Sunday, December 3, 2017

US Fertility Still Falling

Here's a long-term look at total fertility in the U.S. put together by Lyman Scott. He is something of a baby bust alarmist, but all of this data comes from the Census Bureau and especially since 1930 it is better than almost any other long-term data set we have.You can see that the rate has jumped around a lot in the 20th and 21st centuries. After the postwar baby boom, the rate fell steeply, hitting a low of 1.74 lifetime births per woman in 1974. But that was the bottom of a severe recession, and the rate then climbed gradually back up, reaching 2.12 in 2008, right around replacement. Then came the crash and the great recession, and the rate started to fall.

What worries Lyman is that the good economic times of the past two years have not caused the birth rate to rise; instead the rate has continued to fall. The data for 2017 is estimated, but we have pretty good information on births so the final figures are usually close to the running estimates.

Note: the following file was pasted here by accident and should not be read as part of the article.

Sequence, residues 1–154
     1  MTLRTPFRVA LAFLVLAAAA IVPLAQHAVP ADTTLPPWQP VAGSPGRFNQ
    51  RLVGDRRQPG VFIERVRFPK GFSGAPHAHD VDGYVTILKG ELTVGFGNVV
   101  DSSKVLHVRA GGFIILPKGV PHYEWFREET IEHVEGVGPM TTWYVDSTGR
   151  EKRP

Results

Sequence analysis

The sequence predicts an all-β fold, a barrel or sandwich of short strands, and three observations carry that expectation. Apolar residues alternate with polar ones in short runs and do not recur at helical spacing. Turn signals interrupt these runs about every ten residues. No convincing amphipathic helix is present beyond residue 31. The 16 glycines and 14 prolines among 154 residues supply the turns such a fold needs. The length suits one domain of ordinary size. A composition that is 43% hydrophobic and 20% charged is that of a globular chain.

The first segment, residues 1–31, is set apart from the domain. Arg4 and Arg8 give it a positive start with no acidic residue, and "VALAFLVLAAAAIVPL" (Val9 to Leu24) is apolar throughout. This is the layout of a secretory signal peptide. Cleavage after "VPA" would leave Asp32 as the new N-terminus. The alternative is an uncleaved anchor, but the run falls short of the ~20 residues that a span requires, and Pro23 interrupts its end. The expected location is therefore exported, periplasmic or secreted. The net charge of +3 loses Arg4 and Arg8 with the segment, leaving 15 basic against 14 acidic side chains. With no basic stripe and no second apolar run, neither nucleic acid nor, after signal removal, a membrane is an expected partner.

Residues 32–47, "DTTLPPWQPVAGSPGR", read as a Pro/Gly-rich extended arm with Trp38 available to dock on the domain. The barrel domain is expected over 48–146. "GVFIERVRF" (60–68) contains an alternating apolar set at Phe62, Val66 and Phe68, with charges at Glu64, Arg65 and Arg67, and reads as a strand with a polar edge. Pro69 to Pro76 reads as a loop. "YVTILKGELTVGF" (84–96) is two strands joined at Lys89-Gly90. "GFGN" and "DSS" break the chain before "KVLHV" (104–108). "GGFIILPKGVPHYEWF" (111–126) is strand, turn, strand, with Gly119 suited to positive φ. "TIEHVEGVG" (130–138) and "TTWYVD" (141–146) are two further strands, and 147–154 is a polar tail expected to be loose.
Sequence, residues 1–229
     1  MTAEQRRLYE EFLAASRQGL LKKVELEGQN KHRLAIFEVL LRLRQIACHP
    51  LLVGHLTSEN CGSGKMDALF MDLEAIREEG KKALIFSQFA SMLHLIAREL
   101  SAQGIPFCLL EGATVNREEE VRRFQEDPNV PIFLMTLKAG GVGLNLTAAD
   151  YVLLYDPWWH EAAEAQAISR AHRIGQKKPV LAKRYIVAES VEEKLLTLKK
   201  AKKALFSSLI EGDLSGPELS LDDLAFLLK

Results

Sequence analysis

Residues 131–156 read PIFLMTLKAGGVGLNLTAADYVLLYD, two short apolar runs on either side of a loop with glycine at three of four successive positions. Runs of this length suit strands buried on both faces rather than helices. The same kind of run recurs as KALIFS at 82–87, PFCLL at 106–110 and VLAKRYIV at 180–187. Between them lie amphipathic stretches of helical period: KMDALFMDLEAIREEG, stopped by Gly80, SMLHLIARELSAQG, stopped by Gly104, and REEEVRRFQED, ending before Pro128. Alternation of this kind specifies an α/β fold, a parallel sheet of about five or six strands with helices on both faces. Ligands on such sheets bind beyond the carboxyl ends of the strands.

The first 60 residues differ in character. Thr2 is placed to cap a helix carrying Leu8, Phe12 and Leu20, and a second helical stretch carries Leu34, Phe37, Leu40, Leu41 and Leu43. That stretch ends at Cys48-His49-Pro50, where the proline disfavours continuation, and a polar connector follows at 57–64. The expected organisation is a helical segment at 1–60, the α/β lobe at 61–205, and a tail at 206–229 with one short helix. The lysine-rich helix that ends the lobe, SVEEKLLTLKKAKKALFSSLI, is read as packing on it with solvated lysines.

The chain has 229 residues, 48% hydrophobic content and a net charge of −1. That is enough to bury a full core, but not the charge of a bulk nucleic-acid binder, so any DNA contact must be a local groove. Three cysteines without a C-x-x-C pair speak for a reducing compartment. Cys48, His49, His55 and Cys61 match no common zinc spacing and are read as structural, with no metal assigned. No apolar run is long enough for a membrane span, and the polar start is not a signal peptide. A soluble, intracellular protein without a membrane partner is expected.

Lyman worries that this implies some fundamental long-term change in the desire of couples for children, but I am skeptical about that. This seems to me another sign that although the U.S. economy has done well lately by the usual metrics, this has not reached the mood of the people, which is still recession-level bad.

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